Being isolated in a limited space over a long period of time can often lead to feelings of claustrophobia, restlessness, irritability, and yes, even Madness! This condition is commonly known as "Cabin Fever".
Jack Nicholson notably depicts this affliction in the 1980 Stanley Kubrick film, "The Shining". In the film, Nicholson portrays Jack Torrance an unemployed teacher/writer who takes a job as a caretaker at an isolated hotel which is closed for the winter. Torrance pursues this position specifically for the seclusion in hopes that it could cure his writer's block. -go figure-
Over the course of his stay, the isolation starts to take its toll and Jack transforms from an aspiring writer to an ax wielding maniac!
I'll stop here for those of you who haven't seen the film but if you do decide to watch it... leave a light on.
O.K., so why are we talking about Cabin Fever anyway? What could this possibly have to do with the Curious Sailor fixing his boat? Stick with me and I'll explain...
Having repaired most of the major damage on the outside of the sailboat it was time for me to start working in the cabin. The way I see it, the cabin makes up for half of the fun of sailing. It's a safe place to escape from the elements or comfy place to simply sit back and relax or take a nap. A home away from home if you will.
Since this is my "learn to sail" boat and not a live-aboard I do not anticipate a whole lot of cabin time when out on the water but I would still like to have a nice cabin to retreat to when out for the day or a weekend. With that said, I figured Cabin Fever would never be an issue for me but I couldn't have been more mistaken!
Without ever having left the front yard I got the fever! Just like they describe it too... Feelings of claustrophobia, restlessness, irritability, and yes, even Madness!
Well O.K., the madness may be a slight exaggeration but I was definitely going nuts!
I quickly realized that the damage on the inside was just as extensive as it was on the outside. In fact, quite a bit more and I would have to spend a significant amount of time in a cramped space just to make her seaworthy again.
In the movie Jack Torrance voluntarily isolated himself in the Overlook Hotel which in my opinion, was actually kind of spacious.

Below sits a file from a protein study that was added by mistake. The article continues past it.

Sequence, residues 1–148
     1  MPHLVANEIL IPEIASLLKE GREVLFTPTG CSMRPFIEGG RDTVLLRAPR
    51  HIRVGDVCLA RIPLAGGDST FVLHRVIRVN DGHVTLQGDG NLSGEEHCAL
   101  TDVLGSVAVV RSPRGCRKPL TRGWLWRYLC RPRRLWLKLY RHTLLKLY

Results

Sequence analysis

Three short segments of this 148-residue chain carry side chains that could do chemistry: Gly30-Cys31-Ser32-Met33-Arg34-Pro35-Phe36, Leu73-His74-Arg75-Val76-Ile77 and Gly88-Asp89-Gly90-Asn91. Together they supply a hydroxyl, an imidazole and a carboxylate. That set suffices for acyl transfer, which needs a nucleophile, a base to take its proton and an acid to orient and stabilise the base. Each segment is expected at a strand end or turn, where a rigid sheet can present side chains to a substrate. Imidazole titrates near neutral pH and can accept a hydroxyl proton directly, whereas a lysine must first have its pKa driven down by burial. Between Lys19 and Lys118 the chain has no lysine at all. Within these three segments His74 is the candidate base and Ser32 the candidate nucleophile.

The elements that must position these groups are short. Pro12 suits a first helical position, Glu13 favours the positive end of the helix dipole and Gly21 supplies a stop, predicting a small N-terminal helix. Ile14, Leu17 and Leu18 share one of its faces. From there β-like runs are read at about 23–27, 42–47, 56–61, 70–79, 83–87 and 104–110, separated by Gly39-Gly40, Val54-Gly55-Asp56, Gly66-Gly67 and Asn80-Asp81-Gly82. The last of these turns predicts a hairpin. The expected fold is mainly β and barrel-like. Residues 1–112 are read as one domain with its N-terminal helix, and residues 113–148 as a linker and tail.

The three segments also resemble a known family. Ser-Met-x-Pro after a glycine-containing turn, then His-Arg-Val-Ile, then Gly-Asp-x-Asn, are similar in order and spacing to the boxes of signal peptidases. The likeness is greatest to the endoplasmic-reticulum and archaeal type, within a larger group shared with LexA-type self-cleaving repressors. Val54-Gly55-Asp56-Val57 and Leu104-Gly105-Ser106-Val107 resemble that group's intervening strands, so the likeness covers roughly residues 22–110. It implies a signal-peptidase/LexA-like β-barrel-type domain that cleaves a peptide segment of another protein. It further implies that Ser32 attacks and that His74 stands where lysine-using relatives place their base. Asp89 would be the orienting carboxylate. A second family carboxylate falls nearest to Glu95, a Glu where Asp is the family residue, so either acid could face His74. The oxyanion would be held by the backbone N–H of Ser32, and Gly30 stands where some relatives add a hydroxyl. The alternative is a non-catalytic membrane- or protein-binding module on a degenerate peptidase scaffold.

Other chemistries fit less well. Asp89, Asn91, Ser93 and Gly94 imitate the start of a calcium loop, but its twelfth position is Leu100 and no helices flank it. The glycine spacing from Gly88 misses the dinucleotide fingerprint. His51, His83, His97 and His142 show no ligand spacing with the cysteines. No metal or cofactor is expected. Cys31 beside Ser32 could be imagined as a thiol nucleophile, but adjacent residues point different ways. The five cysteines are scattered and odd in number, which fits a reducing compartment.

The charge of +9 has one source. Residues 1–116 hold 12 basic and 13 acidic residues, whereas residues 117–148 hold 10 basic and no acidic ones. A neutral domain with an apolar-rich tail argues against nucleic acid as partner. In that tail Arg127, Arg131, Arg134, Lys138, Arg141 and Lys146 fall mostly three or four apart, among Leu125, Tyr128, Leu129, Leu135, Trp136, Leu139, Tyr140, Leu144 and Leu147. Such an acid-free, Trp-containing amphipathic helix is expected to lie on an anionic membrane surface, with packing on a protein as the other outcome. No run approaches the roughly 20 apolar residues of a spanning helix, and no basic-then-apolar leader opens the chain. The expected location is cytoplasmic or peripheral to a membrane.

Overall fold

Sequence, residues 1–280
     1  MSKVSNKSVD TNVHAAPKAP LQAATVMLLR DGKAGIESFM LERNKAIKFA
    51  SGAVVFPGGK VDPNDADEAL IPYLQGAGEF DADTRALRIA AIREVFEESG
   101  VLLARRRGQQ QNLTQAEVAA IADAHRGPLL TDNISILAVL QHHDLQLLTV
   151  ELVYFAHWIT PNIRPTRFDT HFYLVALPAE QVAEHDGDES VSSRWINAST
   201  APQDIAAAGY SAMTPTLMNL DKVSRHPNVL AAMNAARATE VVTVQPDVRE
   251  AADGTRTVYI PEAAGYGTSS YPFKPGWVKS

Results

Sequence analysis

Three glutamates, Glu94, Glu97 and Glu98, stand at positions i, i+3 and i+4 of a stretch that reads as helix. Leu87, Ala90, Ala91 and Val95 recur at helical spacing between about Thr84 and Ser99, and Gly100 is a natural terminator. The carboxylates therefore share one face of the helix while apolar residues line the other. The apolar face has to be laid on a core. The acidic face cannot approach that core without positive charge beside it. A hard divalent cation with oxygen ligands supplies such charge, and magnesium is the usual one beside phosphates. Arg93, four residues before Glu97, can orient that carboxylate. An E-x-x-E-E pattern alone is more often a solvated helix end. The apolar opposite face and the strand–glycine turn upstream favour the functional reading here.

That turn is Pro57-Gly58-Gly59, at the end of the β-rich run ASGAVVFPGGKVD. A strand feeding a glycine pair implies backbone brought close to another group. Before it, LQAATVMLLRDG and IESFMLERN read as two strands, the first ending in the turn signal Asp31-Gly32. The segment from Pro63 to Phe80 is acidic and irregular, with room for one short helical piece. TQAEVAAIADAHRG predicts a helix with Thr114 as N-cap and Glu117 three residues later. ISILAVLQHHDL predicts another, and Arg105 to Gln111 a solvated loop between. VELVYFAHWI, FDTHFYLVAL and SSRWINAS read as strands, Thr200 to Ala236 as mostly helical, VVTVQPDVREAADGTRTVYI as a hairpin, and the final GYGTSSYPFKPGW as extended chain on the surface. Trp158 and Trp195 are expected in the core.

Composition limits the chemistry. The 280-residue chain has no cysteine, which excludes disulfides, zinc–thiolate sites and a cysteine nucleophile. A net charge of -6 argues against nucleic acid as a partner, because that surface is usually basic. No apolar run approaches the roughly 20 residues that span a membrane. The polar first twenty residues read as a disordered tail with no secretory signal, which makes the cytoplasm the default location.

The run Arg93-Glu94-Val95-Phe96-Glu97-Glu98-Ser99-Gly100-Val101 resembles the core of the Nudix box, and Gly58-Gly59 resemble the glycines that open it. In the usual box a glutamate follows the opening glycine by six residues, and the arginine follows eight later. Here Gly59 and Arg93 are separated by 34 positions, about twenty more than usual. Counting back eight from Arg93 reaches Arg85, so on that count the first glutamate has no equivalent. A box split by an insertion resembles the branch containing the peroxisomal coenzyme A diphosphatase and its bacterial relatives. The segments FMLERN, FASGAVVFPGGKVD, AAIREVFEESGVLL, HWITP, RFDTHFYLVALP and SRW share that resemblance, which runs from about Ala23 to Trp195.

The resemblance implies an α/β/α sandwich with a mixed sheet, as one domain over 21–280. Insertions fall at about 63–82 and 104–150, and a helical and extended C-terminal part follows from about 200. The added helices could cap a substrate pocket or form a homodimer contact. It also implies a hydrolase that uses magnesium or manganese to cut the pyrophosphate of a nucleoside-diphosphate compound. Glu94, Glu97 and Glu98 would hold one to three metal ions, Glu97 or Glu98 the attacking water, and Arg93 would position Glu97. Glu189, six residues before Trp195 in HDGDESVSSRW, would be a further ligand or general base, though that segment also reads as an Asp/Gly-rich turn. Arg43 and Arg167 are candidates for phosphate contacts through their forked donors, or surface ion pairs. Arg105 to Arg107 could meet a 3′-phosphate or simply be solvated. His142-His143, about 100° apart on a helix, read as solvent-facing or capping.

After moving in to the hotel it only took several weeks for the fever to completely consume Jack's mind and I couldn't help but wonder how long it would have taken if he moved in to my sailboat cabin instead. Granted, Jack's isolation space was riddled with evil spirits and he was also cooped up with a weird little kid who had an imaginary friend living in his mouth- but still... I mean come on... Look at the difference between his space and mine!
Somehow when I looked inside this cabin for the first time, I thought to myself, "Ahh, that's not so bad. I could fix this in no time..."
Some of my closest friends have suggested that I had the "Madness" long before I got the Cabin Fever, but that's still up for debate.
Now, before I could even think about where I was going to start with respect to rebuilding this cabin, I found that I was going to have to do some groundskeeping first. Yes, that's not a typo, I said groundskeeping...
I had to rake the leaves....
And harvest the mushrooms...
That really is a mushroom growing out of the stringer. This is just an example of how neglected this poor boat really was. Since the previous owner had allowed the boat to fill with rainwater, the saturated wood turned into a peat like substance fertile enough to grow mushrooms...
Talk about madness!
O.K., once I cleared the grounds it was time to commence with a controlled demolition.
Even though I was suffering from Cabin Fever I opted NOT to use Jack's repair techniques.
Instead I went with this:
Which in turn gave me this:
Now for those of you who saw the movie, you may remember that really long spooky hallway where the kid would ride his big wheel.
Well I had two of these hallways to contend with one on the starboard, and one on the port side.
Spooky right? I really did not want to go down these hallways and not just because they're very dark and scary. The clearance is only about 10 to 12 inches so it's an extremely tight area to work in- especially with tools and materials. Also, don't forget that this work is taking place in sunny South Florida during the summer months so it's blistering hot! What choice did I have though? I made a commitment to restore this little boat even if it meant that I would have to risk a serious bout of Cabin Fever. She was depending on me to bring her back to life and to rid her of all her ghosts.
So, for those of you who were wondering where I was going with my Cabin Fever analogy perhaps you have a better understanding now. Claustrophobia was immediate, since I could not even stand up in this little cabin. Feelings of isolation quickly followed because no matter how hard I tried I could not convince anyone to give me a helping hand in this dark scary place. Restlessness, set in fairly quickly as the demolition and clean up process were painstakingly slow and tedious. The intensifying heat fueled the irritability.
The Madness... speaks for itself...